Come home to Hillwood Estate & Museum for the holidays. For the last two years, this is what I have done since I discovered how the museum decorates Hillwood founder Marjorie Merriweather Post’s mansion. Come with me to see five fabulously-decorated Christmas trees on display at Hillwood, one of my favorite places to celebrate the holiday in Washington DC.
From the second I walked into the Visitor’s Center, I was transported to Christmas Past—garlands loop over the stair banisters, and ornaments sparkle on the tall Christmas tree.
Striding up the staircase, I passed Marjorie’s portrait in the lounge, noting her presence is felt everywhere in this bucolic retreat.
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Stepping outside the Visitor’s Center, I surveyed the lush grounds. Marjorie’s estate borders Rock Creek Park in the Forest Hills neighborhood of Washington, D.C. It resembles a castle tucked deep away in a forest.
I saw late-blooming flowers lining the borders to the conservatory, even though the temperatures are now dipping below 30F. An ornamental kale plant surprised me as an example of a new holiday greenery!
Live Christmas trees and bushes sparkle in front of the mansion. My favorite discovery was the marble statue of a dog, who is wearing a yellow holiday bow around his neck!
You will want to linger as you walk along the path up to the mansion. Post moved to Hillwood in 1955. She decided that she would turn her home into a museum.
I signed up for the 11:30 a.m. tour to learn more about Marjorie’s house and art collection. The docent led us into different rooms where she could provide a history about the paintings, ceramics, rugs, and (even) photographs. I was fascinated to see framed portraits of past presidents casually displayed on a table—Franklin Delano Roosevelt, Dwight Eisenhower, and John F. Kennedy. The intimacy touched me.
The theme at Hillwood Museum is “Making Spirits Bright” for the 2023 holiday celebration. The interior decorations draws inspiration from the special exhibition “Glass: Art. Beauty. Design.”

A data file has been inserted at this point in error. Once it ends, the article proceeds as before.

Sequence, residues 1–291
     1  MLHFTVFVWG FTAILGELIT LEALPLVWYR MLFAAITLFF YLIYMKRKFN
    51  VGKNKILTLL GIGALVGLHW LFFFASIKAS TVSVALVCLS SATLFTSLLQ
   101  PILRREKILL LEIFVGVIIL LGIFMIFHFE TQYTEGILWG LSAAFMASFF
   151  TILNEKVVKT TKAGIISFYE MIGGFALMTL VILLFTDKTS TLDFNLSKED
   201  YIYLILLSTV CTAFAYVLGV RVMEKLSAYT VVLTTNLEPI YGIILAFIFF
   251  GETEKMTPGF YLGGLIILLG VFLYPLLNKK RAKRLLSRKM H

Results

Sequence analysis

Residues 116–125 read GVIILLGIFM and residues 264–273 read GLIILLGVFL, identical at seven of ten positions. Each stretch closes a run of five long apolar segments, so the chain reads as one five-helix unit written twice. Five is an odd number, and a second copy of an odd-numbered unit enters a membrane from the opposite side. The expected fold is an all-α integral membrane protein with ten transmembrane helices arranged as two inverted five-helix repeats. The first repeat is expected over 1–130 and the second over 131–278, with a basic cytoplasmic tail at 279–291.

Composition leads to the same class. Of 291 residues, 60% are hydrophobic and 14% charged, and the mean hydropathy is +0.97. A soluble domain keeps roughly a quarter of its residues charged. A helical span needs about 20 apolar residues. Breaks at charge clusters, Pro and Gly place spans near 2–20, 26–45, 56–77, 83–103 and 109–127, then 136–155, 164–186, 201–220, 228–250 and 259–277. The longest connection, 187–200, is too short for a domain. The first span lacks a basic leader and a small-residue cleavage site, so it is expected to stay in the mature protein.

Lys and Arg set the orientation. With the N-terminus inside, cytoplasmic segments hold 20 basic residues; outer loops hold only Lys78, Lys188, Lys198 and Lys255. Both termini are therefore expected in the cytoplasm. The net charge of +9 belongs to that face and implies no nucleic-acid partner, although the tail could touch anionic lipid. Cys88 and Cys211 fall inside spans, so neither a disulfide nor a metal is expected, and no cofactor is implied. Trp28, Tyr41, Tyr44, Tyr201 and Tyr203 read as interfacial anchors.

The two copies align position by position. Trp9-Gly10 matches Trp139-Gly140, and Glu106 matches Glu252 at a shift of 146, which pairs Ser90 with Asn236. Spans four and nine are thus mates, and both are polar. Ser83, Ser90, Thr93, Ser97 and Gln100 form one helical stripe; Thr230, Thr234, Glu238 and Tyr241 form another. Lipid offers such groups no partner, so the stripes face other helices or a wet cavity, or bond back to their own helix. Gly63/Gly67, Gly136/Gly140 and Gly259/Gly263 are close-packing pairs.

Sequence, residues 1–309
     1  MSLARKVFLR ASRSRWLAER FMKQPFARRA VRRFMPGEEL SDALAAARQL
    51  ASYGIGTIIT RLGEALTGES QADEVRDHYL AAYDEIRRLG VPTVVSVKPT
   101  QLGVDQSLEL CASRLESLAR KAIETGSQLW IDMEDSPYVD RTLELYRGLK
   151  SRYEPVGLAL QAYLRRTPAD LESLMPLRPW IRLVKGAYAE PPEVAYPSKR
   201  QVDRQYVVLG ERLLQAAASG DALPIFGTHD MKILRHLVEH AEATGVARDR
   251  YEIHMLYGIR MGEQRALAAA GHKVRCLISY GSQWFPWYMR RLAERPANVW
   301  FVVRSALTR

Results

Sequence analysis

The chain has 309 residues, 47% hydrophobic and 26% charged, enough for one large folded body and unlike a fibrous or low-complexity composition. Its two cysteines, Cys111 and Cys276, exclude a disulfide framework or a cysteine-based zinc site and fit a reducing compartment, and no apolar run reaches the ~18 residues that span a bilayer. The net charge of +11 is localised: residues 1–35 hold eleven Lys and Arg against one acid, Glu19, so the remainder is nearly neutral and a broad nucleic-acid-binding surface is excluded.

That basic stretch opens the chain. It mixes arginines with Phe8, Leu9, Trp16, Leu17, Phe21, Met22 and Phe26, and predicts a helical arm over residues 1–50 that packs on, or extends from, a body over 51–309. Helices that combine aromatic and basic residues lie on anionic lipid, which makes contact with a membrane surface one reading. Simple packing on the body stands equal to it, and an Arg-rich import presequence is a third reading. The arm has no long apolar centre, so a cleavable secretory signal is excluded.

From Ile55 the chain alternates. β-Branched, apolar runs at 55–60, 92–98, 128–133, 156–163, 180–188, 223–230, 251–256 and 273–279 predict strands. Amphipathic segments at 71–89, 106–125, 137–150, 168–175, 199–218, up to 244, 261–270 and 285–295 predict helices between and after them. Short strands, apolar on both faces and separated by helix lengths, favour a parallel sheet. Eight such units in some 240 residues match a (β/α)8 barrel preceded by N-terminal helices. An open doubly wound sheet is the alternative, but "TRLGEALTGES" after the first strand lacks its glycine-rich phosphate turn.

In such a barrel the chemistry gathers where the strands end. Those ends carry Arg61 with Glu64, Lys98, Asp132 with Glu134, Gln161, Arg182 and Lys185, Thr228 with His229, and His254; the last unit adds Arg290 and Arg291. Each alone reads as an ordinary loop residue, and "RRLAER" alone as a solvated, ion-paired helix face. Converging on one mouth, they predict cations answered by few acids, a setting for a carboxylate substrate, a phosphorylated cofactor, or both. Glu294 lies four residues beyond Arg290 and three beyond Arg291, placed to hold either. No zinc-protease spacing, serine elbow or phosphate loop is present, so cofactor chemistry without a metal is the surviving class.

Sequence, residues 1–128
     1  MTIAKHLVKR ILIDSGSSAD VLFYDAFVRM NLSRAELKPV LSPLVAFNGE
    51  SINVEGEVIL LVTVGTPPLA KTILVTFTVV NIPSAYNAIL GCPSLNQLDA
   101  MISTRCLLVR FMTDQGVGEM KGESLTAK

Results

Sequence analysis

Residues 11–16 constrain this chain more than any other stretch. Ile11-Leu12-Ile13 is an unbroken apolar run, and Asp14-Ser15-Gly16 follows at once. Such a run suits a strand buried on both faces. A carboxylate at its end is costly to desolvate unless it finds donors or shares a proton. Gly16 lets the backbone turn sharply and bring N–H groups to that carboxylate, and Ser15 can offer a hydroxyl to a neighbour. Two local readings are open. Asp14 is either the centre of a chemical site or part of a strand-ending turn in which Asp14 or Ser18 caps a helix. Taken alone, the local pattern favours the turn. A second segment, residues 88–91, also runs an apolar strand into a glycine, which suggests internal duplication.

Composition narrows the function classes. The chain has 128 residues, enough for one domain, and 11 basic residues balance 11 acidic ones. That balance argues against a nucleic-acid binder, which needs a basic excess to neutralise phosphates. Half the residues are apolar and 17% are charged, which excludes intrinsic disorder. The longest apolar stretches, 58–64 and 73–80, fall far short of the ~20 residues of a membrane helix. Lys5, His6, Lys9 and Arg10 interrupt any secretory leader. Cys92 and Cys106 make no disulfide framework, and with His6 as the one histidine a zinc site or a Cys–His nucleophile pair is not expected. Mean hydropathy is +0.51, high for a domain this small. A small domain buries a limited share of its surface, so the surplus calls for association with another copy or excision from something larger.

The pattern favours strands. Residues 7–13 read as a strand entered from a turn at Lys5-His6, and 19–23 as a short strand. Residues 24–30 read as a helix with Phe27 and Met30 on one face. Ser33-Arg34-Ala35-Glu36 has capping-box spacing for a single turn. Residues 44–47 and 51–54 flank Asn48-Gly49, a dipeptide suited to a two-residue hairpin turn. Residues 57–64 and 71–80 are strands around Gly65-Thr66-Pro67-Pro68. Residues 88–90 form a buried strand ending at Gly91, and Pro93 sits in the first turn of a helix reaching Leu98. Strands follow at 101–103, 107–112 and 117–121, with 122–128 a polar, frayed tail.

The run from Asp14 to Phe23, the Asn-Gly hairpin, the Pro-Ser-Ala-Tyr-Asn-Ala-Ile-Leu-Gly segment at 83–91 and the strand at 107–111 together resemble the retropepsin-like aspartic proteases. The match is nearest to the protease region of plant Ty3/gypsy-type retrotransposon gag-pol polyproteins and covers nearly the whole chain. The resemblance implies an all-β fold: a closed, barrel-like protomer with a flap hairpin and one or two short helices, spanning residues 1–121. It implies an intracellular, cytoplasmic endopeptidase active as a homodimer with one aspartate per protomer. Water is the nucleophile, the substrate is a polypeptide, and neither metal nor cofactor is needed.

Hillwood is indeed “resplendent” with its Christmas trees and holiday decorations throughout the estate. The house shines brilliantly; the ornaments gleams.
It’s impossible to choose my favorite Christmas tree at Hillwood because they are each splendid. But I probably was most touched by the florally-festooned Christmas tree in the foyer of the mansion, due to its significance to Marjorie. Orchids dangle from the branches of the Christmas, casting a rainbow across the expanse of greenery.
“Delicate live orchids nestled in glass vases adorn this tree that evoke the botanical creations of artist Debora Moore.”Hillwood
Obsessed with Orchids
Moore’s two artworks (Blue Orchid Tree and Red Lady Slipper) are displayed at the Adirondack Building. Hillwood’s holiday trees take inspiration from the exhibition Glass: Art. Beauty. Design.
Our docent told us that Majorie had a “lifelong love affair” with orchids. It was her favorite flower. In fact, Hillwood’s collection contains over 2,000 orchids of approximately 1,200 different species, hybrids, and clones.
I loved seeing this personal demonstration of what Marjorie cherished in how the Christmas tree was decorated.
Note to self: Return to Hillwood in March to celebrate “Orchid Month.” According to the website, Hillwood is one of the only public gardens in Washington, D.C. that offers daily access to a working greenhouse. Orchid Month focuses on these exotic beauties with workshops, tours, and colorful displays.